There are lots of options, your county extension service probably has a website that you can use to search for plants that would do well in your area. Missouri Botanical Garden has a very nice searchable database of plants, or at least they used to. Pay attention to mature size if you don't want to do battle with your shrubs for years to come.
You don't appear to have space for more than three or five small plants there unless you remove the large shrubs, in which case you can add something larger on the corner. I'd stick with plants that will have a more rounded, looser look than tightly sheared angular shapes. I'm also not a fan of using eye-catching specimen plants as foundation plantings, such as the weeping trees, which would probably grow way too big for the space before long anyway.
Specimen plants with unusual shapes or colors will draw your eye, so be sure that is your intent before planting one. I prefer to use foundation and front yard plantings that show off the house to best advantage rather than call attention to themselves. Just my opinion.

    Bookmark   April 16, 2014 at 10:16AM
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Wendy08

I have thought about removing the tall bushes but I can't convince my Husband to do it. I will look into maybe shortening them. I've been told they are Yews but I have no clue if that is what they are.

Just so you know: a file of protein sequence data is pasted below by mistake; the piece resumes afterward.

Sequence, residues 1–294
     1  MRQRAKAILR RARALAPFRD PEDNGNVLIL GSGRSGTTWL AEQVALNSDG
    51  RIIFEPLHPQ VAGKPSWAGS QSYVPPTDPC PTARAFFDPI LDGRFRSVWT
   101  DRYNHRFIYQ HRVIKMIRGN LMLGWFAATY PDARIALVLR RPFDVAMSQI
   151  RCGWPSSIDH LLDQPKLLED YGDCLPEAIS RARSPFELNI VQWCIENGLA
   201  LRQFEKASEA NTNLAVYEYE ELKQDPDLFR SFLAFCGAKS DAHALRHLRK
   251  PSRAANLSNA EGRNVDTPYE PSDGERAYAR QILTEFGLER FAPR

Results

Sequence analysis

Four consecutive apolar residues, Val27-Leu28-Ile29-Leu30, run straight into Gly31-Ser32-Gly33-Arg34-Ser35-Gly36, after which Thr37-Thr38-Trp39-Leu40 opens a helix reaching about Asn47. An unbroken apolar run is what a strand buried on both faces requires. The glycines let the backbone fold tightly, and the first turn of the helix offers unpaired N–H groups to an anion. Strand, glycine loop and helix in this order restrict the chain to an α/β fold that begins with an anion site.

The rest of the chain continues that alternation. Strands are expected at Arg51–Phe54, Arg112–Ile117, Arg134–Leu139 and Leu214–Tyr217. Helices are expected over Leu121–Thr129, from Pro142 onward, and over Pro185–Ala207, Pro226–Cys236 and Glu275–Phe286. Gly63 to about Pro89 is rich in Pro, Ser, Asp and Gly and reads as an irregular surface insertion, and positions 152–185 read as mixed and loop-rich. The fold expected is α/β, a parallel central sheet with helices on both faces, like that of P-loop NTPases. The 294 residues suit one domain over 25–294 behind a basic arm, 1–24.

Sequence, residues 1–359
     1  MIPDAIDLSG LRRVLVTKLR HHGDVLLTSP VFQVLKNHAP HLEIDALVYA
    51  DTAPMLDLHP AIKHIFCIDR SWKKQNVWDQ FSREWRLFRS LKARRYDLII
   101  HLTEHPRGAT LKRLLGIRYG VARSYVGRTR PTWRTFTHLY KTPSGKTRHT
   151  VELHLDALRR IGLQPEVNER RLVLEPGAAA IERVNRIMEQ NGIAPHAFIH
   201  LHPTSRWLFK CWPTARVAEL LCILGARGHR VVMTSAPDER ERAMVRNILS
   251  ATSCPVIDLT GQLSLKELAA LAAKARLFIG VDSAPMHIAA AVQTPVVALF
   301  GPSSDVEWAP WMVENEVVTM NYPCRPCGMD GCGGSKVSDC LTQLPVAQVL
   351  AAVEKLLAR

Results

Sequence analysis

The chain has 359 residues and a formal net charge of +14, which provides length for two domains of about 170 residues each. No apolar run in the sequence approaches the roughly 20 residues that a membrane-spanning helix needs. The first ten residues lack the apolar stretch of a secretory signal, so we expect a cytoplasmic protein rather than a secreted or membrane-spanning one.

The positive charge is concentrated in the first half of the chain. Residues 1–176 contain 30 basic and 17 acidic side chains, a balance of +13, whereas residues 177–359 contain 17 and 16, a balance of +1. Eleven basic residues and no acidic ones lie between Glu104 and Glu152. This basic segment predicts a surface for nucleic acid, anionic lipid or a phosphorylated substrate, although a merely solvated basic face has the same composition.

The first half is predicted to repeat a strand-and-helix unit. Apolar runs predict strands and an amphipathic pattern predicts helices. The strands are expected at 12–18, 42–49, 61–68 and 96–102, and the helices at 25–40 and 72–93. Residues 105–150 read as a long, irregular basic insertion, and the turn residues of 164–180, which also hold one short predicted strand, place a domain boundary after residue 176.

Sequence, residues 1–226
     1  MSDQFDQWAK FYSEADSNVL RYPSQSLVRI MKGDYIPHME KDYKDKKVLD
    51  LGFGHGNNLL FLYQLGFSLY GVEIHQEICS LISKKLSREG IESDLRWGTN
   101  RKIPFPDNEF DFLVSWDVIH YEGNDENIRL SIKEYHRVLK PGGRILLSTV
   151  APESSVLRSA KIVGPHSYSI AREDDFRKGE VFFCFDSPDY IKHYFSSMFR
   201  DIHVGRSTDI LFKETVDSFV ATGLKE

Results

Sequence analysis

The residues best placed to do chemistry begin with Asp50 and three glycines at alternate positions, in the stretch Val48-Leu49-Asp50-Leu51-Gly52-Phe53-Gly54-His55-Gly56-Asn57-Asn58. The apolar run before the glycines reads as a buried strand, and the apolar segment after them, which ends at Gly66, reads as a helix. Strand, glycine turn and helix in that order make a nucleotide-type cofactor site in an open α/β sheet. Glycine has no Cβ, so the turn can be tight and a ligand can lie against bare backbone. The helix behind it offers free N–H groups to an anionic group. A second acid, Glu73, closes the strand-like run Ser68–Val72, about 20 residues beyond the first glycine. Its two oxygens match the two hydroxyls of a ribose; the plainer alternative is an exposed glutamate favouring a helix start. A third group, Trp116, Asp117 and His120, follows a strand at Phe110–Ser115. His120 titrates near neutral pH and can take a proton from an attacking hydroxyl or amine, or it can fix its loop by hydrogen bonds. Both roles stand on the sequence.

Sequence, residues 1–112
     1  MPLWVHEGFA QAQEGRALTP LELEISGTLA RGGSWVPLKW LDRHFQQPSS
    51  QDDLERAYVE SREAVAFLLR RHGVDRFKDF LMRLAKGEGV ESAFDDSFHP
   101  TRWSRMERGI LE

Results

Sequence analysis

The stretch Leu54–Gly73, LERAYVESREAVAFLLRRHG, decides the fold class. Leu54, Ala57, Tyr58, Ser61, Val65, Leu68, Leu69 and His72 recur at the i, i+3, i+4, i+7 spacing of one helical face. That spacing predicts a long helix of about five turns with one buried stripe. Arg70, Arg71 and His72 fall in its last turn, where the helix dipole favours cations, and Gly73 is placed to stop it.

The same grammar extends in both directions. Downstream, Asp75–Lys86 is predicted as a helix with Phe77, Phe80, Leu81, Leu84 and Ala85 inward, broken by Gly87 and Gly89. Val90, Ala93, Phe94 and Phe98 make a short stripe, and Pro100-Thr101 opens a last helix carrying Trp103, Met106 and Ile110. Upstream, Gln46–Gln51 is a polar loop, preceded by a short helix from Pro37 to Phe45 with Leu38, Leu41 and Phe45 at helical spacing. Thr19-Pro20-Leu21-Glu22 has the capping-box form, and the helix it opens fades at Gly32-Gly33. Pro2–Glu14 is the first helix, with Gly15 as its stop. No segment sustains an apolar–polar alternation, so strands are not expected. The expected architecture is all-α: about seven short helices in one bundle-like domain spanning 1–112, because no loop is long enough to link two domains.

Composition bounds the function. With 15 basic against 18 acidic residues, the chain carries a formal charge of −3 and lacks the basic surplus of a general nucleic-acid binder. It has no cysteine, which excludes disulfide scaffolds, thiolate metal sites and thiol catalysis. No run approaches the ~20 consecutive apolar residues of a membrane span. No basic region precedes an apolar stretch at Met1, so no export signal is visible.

The driveway is something I was planning on fixing this summer.

Encore Azaleas were planted under the windows last year after the nursery recommended them. There are hydrangeas on each side of the steps that was also a recommendation.

The Azaleas didn't fair too well after this winter and I think they need to be moved. Same for the hydrangeas.

This side of the house faces North and gets 'bright light' but no direct sun. Plants that like shade (ie hostas) seem to do well here.

So, I will have to keep this area as a 'still in progress' project and can't really do too much. I'm thinking my main focus will be on the driveway and replacing the Azaleas and Hydrangeas.

I didn't want to put the traditional boxwood shrub in these areas when I first started working on it a couple of years ago but I'm starting to think that will be the only options due to the limitations I have with light and budget.

Thoughts?

    Bookmark   April 21, 2014 at 9:40PM
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emmarene

First let me say you live in a dream home. I think you could enlarge the bed on the right side of the house. Add short ground cover closest to the lawn. I must practice thrifty gardening myself so I know a bit about it. Many plants can be passed from gardener to gardener for free. Talk to people you know who have plants you like. It is a more long term goal as plants only get divided at certain times of year. Seeds can be affordable and even free if you know a seed collector. Do you enjoy gardening? A lot will depend on that. For example, if you do not like gardening then you will most likely not like shearing shaped shrubs year in and year out.

    Bookmark   April 22, 2014 at 5:06PM
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Wendy08

Thank you, I really love this house!

I thought about enlarging the bed on the right side as well. I was planning on going out there and figuring out the outline today.

I'm probably going to use a few plants that I can divide from family but most of those are sun loving plants so I will have to see what will work.

I do enjoy gardening and learning about new plants. I've just been running into some challenges with what will work in my yard.

Shaping shrubs don't really bother me that much. I just have limited time I can spend on gardening with a two-year old boy running around.

    Bookmark   April 22, 2014 at 7:01PM